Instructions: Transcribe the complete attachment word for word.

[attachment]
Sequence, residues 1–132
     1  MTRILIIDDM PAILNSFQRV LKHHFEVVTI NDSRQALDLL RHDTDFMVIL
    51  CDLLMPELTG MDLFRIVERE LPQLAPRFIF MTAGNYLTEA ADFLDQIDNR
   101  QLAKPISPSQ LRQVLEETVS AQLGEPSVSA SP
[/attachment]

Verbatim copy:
Sequence, residues 1–132
     1  MTRILIIDDM PAILNSFQRV LKHHFEVVTI NDSRQALDLL RHDTDFMVIL
    51  CDLLMPELTG MDLFRIVERE LPQLAPRFIF MTAGNYLTEA ADFLDQIDNR
   101  QLAKPISPSQ LRQVLEETVS AQLGEPSVSA SP